Microsoft completes acquisition of Activision Blizzard with UK approval

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Official approval from the British competition authority this morning, Microsoft formalized the finalization of the acquisition in a press release. “We officially welcome Activision Blizzard and its teams to Xbox,” commented Phil Spencer, CEO of Microsoft Gaming. And continues: “For the millions of fans who love games from Activision, Blizzard and King, we want you to know that today is a good day to play. […] Whether you play on Xbox, PlayStation, Nintendo, PC or mobile, you’re welcome here – and you will stay welcome, even if Xbox isn’t where you play your favorite franchise.”

Ubisoft also released an official communication, announcing the arrival of Activision Blizzard titles on its Ubisoft+ subscription service. “All the games that will be produced by Activision Blizzard in the next 15 years and the games that already exist, we have the streaming rights in perpetuity, commented Chris Early, vice-president of the French publisher. So, even after “When this agreement ends, we will still have these rights and we will still be able to provide these games to people and businesses around the world, which opens up a lot of possibilities.”

Original article: “Today, the CMA, the UK regulator, approved our transaction with Microsoft.” In an e-mail written at 2 a.m. this Friday, October 13, Activision Blizzard CEO Bobby Kotick announced the news to his employees: the giant Microsoft is finally authorized to finalize the record acquisition of one of the publishers of the most important video games in the video game landscape today.

The British Competition and Markets Authority (CMA) was indeed the last obstacle to stand in Microsoft’s way. She considered that the $68.7 billion buyout proposal, carried out for the first time in January 2022, contravened the most basic rules of competition in the cloud gaming market. But after several months of negotiations and a restructured offer issued at the end of August by Microsoft, the fate of Activison Blizzard and the British studio King seems sealed for good.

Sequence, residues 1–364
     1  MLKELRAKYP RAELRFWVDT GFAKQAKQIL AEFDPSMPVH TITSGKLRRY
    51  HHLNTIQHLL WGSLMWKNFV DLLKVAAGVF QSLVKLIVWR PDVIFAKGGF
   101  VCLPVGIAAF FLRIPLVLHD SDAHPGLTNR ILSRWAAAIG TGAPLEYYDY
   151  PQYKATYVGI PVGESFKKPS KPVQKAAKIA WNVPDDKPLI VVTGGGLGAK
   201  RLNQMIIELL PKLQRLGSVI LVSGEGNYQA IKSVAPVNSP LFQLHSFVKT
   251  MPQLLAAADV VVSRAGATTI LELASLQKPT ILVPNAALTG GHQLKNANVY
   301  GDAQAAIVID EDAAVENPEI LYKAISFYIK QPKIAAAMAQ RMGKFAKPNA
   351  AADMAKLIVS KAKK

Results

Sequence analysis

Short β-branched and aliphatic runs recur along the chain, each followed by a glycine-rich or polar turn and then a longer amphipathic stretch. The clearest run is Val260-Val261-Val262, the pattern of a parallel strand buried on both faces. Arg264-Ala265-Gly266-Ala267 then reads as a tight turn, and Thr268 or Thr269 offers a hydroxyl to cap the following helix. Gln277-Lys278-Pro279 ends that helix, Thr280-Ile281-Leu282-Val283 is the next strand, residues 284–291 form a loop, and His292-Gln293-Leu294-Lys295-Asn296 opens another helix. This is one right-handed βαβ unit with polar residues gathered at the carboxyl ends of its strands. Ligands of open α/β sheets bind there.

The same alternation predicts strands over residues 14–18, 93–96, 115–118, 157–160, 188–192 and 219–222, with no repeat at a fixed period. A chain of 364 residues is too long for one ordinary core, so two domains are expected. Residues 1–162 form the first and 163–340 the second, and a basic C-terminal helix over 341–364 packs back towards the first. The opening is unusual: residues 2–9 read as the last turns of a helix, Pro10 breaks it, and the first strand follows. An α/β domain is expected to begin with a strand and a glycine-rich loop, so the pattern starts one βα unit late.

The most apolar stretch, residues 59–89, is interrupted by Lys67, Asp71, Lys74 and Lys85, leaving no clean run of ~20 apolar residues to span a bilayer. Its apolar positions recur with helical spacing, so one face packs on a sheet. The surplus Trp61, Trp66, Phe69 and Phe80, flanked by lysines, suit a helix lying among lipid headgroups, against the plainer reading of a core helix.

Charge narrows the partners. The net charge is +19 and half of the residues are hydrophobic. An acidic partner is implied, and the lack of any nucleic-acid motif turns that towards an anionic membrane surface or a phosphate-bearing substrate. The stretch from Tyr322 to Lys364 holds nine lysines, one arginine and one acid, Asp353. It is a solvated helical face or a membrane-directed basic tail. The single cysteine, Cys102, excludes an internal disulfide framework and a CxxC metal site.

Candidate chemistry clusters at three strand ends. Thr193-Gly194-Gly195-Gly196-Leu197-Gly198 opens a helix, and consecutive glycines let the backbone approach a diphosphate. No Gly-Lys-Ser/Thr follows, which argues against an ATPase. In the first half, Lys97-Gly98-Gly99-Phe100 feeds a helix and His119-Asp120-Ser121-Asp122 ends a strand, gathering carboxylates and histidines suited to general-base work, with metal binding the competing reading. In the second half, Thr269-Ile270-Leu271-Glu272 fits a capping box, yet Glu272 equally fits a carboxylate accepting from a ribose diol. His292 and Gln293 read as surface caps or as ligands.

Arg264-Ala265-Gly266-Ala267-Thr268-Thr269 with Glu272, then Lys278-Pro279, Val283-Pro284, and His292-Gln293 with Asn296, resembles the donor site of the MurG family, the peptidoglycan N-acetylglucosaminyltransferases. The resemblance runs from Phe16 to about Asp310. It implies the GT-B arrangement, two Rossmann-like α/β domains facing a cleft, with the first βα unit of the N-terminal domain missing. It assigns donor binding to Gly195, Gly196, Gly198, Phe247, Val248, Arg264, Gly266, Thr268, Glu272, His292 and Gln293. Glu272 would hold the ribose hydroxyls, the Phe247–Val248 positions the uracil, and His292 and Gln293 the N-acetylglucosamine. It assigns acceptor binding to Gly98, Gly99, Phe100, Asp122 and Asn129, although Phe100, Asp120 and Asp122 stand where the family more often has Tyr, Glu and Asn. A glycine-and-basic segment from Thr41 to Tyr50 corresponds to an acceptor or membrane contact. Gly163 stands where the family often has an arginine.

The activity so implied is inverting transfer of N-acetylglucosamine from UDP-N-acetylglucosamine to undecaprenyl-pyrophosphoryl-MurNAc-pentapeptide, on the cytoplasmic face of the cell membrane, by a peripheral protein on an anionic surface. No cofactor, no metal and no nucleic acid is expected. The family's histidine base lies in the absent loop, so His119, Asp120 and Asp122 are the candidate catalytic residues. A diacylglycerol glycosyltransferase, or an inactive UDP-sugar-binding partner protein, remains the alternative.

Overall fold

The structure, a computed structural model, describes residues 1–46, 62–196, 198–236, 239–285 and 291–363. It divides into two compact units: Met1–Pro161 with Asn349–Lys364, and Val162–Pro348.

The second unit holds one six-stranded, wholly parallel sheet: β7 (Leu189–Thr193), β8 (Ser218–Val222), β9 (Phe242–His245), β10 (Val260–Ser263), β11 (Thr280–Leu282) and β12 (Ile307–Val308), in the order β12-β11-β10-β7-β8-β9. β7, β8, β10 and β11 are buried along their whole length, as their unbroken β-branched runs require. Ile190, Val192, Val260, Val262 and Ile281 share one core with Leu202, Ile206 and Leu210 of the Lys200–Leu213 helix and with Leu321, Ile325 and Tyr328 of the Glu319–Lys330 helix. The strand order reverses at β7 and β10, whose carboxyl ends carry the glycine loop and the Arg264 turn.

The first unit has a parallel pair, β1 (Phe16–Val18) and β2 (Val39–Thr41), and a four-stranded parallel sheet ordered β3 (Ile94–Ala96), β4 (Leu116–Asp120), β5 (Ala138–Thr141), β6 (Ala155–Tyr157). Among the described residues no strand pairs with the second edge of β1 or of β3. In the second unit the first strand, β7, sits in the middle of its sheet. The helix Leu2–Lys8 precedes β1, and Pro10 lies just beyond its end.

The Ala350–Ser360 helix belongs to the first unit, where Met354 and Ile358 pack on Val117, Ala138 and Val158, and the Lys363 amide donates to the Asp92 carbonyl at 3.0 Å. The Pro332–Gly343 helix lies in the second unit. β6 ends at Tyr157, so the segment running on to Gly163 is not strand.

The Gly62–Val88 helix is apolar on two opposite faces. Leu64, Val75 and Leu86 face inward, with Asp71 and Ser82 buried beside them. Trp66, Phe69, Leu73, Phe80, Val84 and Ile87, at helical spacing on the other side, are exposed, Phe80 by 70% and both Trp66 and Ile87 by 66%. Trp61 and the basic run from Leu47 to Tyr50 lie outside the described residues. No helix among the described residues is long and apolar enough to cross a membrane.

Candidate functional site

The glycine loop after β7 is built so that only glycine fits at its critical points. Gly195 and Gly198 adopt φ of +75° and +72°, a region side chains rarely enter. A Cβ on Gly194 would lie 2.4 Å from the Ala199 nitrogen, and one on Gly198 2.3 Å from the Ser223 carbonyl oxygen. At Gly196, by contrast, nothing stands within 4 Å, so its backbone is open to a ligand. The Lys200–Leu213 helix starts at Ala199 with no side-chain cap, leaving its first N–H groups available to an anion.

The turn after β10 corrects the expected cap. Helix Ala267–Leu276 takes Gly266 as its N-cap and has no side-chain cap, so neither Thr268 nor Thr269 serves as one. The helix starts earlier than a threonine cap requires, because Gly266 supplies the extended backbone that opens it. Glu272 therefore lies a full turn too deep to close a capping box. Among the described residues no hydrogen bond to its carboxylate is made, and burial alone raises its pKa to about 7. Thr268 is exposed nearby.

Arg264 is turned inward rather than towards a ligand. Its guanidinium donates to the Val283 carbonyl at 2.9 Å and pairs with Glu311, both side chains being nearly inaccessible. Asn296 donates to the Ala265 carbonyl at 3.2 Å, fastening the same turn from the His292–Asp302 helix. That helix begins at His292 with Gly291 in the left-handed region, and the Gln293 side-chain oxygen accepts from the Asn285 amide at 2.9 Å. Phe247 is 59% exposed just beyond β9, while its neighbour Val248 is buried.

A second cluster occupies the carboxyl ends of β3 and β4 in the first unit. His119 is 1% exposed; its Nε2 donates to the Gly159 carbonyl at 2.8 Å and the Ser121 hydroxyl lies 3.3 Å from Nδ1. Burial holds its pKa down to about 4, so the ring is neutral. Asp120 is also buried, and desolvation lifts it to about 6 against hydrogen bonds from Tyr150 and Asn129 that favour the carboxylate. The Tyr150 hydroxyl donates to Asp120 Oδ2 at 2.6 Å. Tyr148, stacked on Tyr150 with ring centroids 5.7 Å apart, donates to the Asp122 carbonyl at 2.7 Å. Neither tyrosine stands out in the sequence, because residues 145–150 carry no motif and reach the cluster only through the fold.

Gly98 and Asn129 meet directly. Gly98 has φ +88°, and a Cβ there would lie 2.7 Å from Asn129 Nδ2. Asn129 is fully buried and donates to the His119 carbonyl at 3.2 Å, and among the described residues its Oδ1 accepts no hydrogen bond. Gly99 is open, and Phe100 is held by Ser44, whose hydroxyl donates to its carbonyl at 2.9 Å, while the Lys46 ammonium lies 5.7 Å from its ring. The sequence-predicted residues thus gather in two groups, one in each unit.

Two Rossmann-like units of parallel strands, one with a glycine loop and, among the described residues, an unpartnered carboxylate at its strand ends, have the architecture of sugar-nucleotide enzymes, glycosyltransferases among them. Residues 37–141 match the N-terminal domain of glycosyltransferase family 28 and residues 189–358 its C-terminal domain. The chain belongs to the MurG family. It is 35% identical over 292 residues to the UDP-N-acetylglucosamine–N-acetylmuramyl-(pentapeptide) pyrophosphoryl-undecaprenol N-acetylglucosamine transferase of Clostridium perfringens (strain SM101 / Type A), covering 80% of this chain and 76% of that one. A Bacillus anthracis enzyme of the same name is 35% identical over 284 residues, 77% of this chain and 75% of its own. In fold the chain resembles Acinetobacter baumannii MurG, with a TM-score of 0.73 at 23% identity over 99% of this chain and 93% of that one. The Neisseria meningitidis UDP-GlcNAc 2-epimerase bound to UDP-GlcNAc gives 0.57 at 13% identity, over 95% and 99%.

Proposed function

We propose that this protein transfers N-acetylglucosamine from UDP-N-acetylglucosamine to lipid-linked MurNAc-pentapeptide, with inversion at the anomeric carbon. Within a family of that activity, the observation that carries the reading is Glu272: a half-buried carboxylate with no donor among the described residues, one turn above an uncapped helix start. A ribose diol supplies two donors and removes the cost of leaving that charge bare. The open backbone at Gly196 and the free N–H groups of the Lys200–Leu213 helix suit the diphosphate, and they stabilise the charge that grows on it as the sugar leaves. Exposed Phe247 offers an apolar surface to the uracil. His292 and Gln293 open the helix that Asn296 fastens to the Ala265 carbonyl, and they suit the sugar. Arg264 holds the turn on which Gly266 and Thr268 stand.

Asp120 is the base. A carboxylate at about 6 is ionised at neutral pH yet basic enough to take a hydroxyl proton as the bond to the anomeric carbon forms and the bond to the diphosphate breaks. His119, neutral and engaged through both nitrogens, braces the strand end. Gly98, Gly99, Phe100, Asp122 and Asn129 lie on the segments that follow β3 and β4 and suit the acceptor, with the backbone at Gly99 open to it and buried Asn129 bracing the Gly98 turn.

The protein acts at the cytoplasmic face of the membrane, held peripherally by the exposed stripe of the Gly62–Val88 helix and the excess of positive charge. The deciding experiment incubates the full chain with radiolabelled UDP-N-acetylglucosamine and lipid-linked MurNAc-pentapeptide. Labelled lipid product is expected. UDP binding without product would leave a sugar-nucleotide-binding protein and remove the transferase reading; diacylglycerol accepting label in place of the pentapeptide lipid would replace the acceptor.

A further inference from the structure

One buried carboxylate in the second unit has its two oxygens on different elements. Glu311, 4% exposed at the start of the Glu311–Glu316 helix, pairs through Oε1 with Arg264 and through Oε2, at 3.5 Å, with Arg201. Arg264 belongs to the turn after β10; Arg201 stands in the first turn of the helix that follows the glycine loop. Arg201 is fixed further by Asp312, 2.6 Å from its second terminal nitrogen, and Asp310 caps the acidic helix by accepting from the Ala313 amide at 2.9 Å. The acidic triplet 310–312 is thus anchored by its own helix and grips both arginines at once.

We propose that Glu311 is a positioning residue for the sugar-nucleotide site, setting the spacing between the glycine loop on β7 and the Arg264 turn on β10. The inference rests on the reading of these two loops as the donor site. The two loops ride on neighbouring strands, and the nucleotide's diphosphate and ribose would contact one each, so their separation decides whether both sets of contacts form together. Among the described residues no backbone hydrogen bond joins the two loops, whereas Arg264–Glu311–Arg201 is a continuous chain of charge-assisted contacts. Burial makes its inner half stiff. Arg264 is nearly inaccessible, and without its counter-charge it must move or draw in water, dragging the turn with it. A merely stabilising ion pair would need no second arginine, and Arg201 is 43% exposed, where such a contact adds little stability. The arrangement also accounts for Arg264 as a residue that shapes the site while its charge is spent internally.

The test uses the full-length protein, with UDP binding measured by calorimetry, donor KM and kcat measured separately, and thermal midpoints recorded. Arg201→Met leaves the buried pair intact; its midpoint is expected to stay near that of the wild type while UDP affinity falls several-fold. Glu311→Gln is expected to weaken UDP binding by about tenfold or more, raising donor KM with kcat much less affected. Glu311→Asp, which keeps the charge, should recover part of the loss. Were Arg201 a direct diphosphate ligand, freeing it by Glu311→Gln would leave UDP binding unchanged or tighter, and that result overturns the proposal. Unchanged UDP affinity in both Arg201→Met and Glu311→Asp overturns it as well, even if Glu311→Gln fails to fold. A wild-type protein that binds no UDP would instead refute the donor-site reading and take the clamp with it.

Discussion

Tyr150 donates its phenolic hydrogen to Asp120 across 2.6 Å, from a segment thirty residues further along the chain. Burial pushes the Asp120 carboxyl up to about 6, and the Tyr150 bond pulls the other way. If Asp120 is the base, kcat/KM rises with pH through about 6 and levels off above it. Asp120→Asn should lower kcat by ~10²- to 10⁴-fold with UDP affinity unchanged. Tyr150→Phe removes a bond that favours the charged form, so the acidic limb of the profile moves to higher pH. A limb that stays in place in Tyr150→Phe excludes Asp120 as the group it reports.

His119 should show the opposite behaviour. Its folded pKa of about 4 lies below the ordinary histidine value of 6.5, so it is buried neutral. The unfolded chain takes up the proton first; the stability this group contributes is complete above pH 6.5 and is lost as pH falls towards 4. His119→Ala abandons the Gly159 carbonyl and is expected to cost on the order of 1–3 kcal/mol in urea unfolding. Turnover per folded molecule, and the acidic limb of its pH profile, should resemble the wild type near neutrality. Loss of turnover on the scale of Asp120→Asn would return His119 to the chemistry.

Ubisoft to save the takeover

The French studio Ubisoft played a major role in the approval of the United Kingdom, which should result in a few hours in the finalization of the takeover. According to its restructured offer, Microsoft will have to sell its cloud distribution rights for previous and future Activision Blizzard video games to Ubisoft, for 15 years outside the European economic area. “Ubisoft will thus be able to offer Activision content according to any commercial model, including through multi-game subscription services,” specifies the CMA in a press release.

Sarah Cardell, its general director, justified the importance of this constraint in view of her concerns in terms of preserving competition. “By selling Activision’s rights to cloud streaming to Ubisoft, we ensured that Microsoft could not have a stranglehold on this important and rapidly growing market,” she says. As cloud gaming expands develops, this intervention will allow consumers to benefit from more competitive prices, better services and greater choice.”

The end of a (too) long soap opera

After several failed attempts to block the takeover, notably in the United States by the Federal Trade Commission, Microsoft now has free rein. Like Bobby Kotick, the president of the Redmond firm Brad Smith expressed his relief. “We are grateful to the CMA for carrying out a thorough review and issuing its decision today,” he wrote on X a few hours ago.

Although the British competition authority has identified “limited residual problems with the new agreement”, today’s decision effectively puts an end to a long and important soap opera for the world of video games. However, she denounces “the tactics employed by Microsoft” throughout the process: “Microsoft had the opportunity to restructure itself during our initial investigation, but continued to insist on a set of measures which we told it would simply wouldn’t work. Dragging it out like this just wastes time and money.”

This article is originally published on usine-digitale.fr

 

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